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Paul Baciu, Aly R Sheraly, David Crandall, Nauman R Imami; All-Cause Mortality Following Combined Cataract Extraction and Minimally Invasive Glaucoma Surgery Compared to Cataract Extraction Alone and Traditional Glaucoma Surgery. Invest. Ophthalmol. Vis. Sci. 2014;55(13):6125.
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There is currently limited knowledge regarding the mortality rates of minimally invasive glaucoma surgery (MIGS). This study investigates the short-term risk of all-cause mortality within 1 year following cataract extraction combined with MIGS compared to cataract extraction alone as well as traditional glaucoma surgery in an urban population setting.
Retrospective chart review of medical records of consecutive patients who underwent cataract extraction, cataract extraction combined with MIGS (ExPress shunt, iStent, canaloplasty, endocyclophotocoagulation of the ciliary body, or trabectome) and traditional glaucoma surgery (bypass drain surgery or traditional filtering surgery). Exclusion criteria included eyes with a history of narrow angle, mixed mechanism, neovascular, or uveitic glaucoma. Eyes with prior history of glaucoma or retinal surgery were also excluded. Mortality rates were calculated at 1, 3, 6, and 12 months from date of surgery.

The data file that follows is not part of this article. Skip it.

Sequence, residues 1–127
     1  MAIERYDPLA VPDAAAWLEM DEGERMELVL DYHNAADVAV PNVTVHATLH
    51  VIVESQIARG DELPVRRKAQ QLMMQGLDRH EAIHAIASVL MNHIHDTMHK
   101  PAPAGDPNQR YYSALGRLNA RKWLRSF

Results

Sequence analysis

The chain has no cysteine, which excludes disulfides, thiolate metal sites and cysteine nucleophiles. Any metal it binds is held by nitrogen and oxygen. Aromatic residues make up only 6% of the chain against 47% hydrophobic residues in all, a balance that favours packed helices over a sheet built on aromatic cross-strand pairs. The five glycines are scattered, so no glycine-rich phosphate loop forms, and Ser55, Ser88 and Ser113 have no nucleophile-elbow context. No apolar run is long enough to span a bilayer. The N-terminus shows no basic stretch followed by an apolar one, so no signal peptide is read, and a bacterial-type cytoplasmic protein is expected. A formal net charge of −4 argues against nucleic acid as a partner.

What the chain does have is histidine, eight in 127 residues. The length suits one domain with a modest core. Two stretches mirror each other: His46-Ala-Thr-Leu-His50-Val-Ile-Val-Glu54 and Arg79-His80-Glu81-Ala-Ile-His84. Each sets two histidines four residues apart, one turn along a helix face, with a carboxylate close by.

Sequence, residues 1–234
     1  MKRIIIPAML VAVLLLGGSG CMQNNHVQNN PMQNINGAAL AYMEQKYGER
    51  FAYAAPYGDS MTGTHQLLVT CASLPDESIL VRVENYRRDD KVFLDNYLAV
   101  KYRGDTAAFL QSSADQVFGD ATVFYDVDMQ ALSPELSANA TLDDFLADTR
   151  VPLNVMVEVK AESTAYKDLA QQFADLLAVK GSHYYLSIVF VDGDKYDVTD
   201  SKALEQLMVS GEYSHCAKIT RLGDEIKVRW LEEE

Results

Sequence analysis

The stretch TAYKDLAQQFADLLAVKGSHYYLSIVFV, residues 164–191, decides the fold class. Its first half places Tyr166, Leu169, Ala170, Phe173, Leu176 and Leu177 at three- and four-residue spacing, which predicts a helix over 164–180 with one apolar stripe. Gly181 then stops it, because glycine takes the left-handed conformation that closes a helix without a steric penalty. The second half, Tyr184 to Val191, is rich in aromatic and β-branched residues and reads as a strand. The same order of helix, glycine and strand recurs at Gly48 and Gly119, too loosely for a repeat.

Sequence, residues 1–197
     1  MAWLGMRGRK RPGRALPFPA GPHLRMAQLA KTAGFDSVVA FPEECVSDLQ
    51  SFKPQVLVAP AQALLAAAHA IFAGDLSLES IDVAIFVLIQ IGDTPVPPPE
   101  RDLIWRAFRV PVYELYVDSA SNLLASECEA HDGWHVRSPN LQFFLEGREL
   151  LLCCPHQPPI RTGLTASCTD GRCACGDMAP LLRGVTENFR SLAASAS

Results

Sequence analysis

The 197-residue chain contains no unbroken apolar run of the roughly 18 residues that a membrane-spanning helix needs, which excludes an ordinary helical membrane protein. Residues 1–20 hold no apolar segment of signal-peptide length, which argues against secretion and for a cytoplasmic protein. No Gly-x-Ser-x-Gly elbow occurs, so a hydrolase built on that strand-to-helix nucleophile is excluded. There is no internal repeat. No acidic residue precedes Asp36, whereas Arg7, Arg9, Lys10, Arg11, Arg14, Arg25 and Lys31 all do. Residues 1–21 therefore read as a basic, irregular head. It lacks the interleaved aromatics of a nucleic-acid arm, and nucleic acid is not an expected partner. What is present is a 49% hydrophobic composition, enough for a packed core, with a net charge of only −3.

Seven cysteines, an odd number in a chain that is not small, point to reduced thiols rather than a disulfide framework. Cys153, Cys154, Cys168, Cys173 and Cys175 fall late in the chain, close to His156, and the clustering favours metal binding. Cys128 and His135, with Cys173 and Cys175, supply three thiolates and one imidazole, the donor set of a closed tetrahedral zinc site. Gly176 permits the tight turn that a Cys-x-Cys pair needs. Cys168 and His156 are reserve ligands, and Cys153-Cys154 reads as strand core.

All surgeries were completed in 2012 by two senior glaucoma surgeons. The average age at time of surgery was 73.4 in the cataract extraction alone group, 72.6 in the combined cataract and MIGS group, and 83.0 in the traditional glaucoma surgery group. The 12 month mortality rate was 3% in the cataract extraction group alone and less than 1% in the other two groups. Comorbidities in the three groups were similar though the traditional glaucoma surgery group had patients with more cardiac and renal comorbidities.
Our study found low mortality rates for cataract extraction combined with MIGS, cataract extraction alone and traditional glaucoma surgery. This is the first study to evaluate mortality outcomes in MIGS procedures and shows that rates are similar to those in previously published studies evaluating cataract surgery alone. Recognizing the all-cause mortality rates associated with these procedures improves the decision making and informed consent process for surgeons and their patients.
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